Chitral Losing Hope On Billion Tree Drive
Burhan Ali, an electrician and a father of 4 children, roams in Chitral Bazar for the past few days in search of wood, the only source of cooking and heating in the district. He used to buy the wood stock for his house before the winter arrives, but this year there is a shortage of wood in the district since the start of the winter. As a result, there has been a surge in its prices which have almost doubled as compared to the last year.
He spends a major part of his salary to buy wood in Chitral where the temperature drops to minus ten during the winters. The dwellers rely on oak trees and deodar trees which take decades to grow, to meet their fuel needs.
There was a sigh of relief for the inhabitants and environmentalists when in 2018, Mian Nawaz Sharif, the then Prime minister, had approved the LNG project for which the funds were released on emergency basis. The purchase of land and equipment were also finalized instantly. The project was meant to provide LNG through pipelines to more than 15,000 households in three major towns of Chitral at a rate, which was 67 per cent cheaper than LPG being provided in cylinders in the vicinity.
It was uplifting for the inhabitants who had put high hopes in these projects which would not only bring ease in their lives but also save the forest cover of the district, which is turning into a barren land owing to deforestation. Unfortunately, their hopes turned futile when the incumbent government decided to cancel the proposed LNG project in Chitral.
The Economic Coordination Committee (ECC) of the cabinet had asked the energy ministry to drop the LNG project and sell the land and equipment bought initially for the project.
Abandoning the project will not only create socio-economic impacts on the lives of the residents, but also on the environmental makeup of the district which is already bearing the brunt of climate change.
Former MNA from Chitral Shahzada Iftikharuddin had put much effort to convince the previous government to start the LNG project in the area. He believes that Imran Khan’s government abandened the project purposely out of envy for Nawaz Sharif. Apparently, he is right as saving forests was the main slogan of the ruling PTI, but by abandoning it the government has blemished its own flagship project.
Sitting MNA Abdul Akbar Chitrali in the last session of the parliament also lamented the government’s decision of selling the items brought for the LNG project. He further urged the ECC to revise this decision.
Rapid chopping of deodar and oak trees has brought the picturesque district to the brim of environmental degradation. This is evident from the fact that the frequency of land erosion, landslides and mud floods over a couple of decades has increased, resulting in the loss of many precious lives, property, and infrastructure.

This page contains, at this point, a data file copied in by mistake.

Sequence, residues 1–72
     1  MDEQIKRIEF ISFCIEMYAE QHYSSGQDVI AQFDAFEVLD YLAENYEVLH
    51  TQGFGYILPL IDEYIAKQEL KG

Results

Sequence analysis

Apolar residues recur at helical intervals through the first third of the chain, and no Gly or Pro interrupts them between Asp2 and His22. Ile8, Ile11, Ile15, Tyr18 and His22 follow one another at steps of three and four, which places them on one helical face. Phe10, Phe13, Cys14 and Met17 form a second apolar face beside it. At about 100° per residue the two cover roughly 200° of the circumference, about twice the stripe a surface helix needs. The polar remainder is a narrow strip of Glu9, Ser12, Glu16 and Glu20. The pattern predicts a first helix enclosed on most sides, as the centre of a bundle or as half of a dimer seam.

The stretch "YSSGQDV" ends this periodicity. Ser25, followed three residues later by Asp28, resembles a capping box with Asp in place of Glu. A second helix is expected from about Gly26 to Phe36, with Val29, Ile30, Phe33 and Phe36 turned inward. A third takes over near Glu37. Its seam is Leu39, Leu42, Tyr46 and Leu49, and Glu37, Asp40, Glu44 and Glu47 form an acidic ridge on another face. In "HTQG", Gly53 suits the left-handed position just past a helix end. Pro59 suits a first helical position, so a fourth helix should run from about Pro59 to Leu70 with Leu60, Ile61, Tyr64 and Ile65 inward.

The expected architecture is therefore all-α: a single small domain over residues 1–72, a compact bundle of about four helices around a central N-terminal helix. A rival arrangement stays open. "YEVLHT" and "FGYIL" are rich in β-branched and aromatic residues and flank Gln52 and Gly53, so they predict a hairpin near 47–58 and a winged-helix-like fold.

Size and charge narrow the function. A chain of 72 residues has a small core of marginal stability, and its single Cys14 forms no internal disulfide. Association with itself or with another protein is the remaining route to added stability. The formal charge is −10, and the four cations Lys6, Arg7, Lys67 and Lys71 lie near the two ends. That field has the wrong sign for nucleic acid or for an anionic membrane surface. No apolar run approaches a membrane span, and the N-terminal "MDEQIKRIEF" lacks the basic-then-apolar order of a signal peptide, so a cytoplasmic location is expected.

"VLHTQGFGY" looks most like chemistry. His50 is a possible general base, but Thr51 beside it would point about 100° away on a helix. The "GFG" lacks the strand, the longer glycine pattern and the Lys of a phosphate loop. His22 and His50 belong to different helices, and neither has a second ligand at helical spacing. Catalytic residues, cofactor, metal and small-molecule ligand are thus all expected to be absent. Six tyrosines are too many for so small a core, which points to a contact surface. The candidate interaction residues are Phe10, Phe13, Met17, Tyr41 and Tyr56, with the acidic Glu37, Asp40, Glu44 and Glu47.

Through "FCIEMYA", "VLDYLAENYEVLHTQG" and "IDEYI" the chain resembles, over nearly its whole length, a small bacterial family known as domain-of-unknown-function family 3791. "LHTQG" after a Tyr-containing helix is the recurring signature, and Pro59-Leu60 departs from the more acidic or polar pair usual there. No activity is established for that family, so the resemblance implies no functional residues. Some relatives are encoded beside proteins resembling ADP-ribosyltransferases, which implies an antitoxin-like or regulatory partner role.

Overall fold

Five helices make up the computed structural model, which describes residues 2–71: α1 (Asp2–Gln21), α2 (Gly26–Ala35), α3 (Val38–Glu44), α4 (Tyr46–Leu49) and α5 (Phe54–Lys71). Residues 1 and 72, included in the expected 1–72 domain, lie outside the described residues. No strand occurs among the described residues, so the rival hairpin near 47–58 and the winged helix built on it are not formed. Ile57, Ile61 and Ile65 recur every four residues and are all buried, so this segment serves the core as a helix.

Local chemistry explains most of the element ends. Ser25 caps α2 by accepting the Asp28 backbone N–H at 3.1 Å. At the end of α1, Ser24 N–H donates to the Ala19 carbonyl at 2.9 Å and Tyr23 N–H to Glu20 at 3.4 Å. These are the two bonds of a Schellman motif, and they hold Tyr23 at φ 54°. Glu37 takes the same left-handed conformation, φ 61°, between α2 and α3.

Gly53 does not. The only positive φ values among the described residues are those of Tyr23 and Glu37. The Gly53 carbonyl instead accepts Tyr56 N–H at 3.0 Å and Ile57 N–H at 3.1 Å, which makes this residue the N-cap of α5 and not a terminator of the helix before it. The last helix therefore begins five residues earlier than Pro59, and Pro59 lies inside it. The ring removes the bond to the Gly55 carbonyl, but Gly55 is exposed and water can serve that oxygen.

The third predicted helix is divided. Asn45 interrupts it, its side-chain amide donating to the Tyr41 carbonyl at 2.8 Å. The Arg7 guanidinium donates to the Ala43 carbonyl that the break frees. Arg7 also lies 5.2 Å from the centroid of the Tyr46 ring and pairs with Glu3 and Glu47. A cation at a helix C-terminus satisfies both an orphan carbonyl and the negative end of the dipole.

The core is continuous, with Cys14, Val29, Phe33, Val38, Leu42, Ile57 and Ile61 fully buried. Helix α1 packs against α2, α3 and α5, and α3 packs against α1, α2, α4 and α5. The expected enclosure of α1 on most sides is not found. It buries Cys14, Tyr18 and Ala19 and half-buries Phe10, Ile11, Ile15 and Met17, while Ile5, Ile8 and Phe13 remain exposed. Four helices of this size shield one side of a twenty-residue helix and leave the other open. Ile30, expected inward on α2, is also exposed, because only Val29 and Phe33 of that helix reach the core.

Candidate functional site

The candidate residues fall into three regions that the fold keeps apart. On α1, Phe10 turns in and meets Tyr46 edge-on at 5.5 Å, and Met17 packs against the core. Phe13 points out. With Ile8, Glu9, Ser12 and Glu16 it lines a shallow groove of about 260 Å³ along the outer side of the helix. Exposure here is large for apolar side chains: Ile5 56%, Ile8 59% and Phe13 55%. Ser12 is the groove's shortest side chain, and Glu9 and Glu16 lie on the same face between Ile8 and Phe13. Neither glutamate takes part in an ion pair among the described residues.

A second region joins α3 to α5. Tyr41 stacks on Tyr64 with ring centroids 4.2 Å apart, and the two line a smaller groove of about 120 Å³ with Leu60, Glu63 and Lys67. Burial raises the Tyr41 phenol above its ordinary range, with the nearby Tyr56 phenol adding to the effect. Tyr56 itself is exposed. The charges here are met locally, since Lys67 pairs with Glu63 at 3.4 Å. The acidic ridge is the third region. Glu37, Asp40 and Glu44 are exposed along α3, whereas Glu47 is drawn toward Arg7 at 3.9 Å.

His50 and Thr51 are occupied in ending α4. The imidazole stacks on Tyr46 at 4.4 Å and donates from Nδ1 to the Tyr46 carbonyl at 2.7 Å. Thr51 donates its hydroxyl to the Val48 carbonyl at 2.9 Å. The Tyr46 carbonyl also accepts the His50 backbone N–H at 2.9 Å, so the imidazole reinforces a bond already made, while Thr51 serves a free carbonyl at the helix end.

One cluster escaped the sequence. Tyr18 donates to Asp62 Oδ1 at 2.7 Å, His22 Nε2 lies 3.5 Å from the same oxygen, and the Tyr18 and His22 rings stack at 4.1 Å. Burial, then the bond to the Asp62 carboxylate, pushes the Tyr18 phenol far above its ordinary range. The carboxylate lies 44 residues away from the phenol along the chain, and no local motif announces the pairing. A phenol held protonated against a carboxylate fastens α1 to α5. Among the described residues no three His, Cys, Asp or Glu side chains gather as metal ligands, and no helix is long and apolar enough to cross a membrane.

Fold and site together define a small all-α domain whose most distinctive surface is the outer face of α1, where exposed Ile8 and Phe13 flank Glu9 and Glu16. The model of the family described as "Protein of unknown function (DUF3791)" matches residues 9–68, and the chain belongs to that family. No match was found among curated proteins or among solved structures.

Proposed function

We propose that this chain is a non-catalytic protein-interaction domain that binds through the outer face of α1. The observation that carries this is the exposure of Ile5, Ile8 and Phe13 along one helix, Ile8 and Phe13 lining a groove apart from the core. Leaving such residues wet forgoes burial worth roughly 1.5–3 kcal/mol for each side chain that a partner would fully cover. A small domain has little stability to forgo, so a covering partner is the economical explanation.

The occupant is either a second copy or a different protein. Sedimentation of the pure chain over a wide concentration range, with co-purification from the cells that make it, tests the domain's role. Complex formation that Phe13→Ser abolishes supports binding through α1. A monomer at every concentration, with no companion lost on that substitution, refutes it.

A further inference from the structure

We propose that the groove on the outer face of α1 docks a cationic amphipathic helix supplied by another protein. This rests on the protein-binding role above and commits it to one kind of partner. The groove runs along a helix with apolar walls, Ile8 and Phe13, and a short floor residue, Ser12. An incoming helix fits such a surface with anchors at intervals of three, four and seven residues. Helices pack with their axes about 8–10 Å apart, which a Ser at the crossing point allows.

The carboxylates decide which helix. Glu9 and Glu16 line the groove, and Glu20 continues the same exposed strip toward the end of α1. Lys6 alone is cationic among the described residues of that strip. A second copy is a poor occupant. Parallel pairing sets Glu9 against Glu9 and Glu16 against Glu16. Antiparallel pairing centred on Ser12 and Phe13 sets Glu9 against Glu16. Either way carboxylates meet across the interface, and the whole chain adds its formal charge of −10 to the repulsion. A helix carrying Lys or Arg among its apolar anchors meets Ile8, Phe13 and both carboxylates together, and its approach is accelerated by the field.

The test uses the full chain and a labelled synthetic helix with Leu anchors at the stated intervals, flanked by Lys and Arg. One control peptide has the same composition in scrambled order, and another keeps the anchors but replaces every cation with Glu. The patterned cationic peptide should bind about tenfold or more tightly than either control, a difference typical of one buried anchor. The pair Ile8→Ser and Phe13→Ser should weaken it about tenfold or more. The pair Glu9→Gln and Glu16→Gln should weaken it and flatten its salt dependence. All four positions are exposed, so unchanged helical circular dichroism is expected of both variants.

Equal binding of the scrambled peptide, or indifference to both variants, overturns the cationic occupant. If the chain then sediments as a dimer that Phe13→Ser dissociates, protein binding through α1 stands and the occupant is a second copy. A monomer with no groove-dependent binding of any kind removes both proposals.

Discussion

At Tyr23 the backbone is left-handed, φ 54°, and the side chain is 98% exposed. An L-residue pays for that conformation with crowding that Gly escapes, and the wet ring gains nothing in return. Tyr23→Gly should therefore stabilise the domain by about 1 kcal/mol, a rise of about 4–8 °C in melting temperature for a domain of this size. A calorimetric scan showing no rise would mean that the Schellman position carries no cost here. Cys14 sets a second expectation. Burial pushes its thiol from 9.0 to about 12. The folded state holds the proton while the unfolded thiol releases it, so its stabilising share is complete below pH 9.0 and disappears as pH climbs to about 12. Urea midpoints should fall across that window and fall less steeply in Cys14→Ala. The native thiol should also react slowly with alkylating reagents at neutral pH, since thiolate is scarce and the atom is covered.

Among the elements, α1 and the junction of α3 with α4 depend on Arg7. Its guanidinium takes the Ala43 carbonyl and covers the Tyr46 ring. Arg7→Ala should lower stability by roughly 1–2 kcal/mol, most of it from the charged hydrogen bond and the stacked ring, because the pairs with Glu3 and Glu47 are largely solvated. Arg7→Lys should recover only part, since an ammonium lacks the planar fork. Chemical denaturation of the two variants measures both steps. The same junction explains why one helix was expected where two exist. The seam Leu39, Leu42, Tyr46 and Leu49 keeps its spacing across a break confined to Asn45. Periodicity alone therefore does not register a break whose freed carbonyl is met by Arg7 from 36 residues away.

Though the government has started planting trees under its flagship billion trees tsunami project in the district, it has not been successful as compared to other parts of the country. This is due to the unique mountainous topography of the area and scarcity of water that is another serious problem the area is facing till date.
Zahra Khan Durani, a climate change expert who is also part of the team of an ongoing national climate change awareness campaign in Pakistan, said that the government needs to follow a multiperspective approach for environmental sustainability, and mass plantation of trees is ‘only’ one aspect through which we can fight climate change.
She was of the view that feasibility studies should inform governmental decisions. The communities in Chitral have the right to decent and affordable living. The government should ensure that the cleanest resources are utilized to meet current and future community needs. Whether it is through the provision of LNG, the installation of solar projects, or the adoption of new technology, one thing is certain that the country cannot afford to neglect the environment anymore. Talking about the constant deforestation, the climate change expert opined that the area is already facing challenges in the form of soil erosion, mud flooding, and glacial lake outburst flooding. If the cutting of wood continues, it will further exasperate the environmental catastrophe that Pakistan is facing.
Ali and many others in the area fear that the government with political aims would put the project on hold. They know how long it takes to kick off official work in Pakistan. To them, it would take years to reach the same stage they were in 2018. By the time the project is resumed, the area would be barren and many lives would be lost to flood and other climate menaces.